Tennessee Governor Now Says He'll Work To Change Law Honoring KKK Grand Wizard

Last week, Bill Lee said he hadn’t “looked at changing" a law to declare an annual Nathan Bedford Forrest Day. Now he says he's considering action.

Gov. Bill Lee (R) said he “will be working to change” a Tennessee law requiring the state to honor a Confederate general who traded slaves and was the first grand wizard of the Ku Klux Klan.

Last week, Lee signed a proclamation declaring Saturday Nathan Bedford Forrest Day. According to Tennessee’s code on days of recognition, the proclamation must be issued each year for every July 13.

Though Lee told The Tennesseean on Thursday that he hadn’t “looked at changing that law,” it appears he is now considering action.

“While it is my job as governor to enforce the law, I want Tennesseans to know where my heart is on this issue,” he tweeted Monday. “Our state’s history is rich, complex and in some cases painful. With this in mind, I will be working to change this law.”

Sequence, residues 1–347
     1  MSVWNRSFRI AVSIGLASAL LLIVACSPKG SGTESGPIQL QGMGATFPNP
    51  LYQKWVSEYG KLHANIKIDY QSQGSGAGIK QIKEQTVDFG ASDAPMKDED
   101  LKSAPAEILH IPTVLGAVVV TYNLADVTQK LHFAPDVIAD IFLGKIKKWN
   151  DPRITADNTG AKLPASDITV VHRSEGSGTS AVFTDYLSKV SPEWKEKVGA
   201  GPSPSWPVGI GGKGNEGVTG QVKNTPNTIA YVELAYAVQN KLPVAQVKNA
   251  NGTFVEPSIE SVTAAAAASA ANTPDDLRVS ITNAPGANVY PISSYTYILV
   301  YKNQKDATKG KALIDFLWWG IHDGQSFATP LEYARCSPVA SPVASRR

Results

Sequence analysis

In an interview earlier that day with local ABC affiliate WKRN-TV, Lee acknowledged that parts of Forrest’s life are “part of painful history and why I, we, need to look at changing law, and I will work with legislators to do that.”

Despite Forrest’s embrace of white supremacy, the proclamation Lee recently signed applauded him as “a recognized military figure in American history and a native Tennessean.”

The governor’s apparent about-face comes after criticism from Sen. Ted Cruz (R-Texas), who spoke out against the proclamation in a tweet, calling it “WRONG” and telling Lee, “Change the law.”

Rep. Steve Cohen (D-Tenn.) also condemned the recognition of Forrest, warning Lee that, rather than bringing his state “into the 21st century,” he was “backsliding into the 19th.”

In a statement released Tuesday, Heidi Beirich of the Southern Poverty Law Center, an Alabama-based nonprofit advocating for civil rights, said Lee needed to do more than just talk.

“It is important to change the Tennessee state law that requires the governor to issue proclamations for three days of special observation honoring the Confederacy,” she said. “But lawmakers can’t just talk about undoing laws that honor the Confederacy, they must act ― and we must hold them accountable if they don’t.”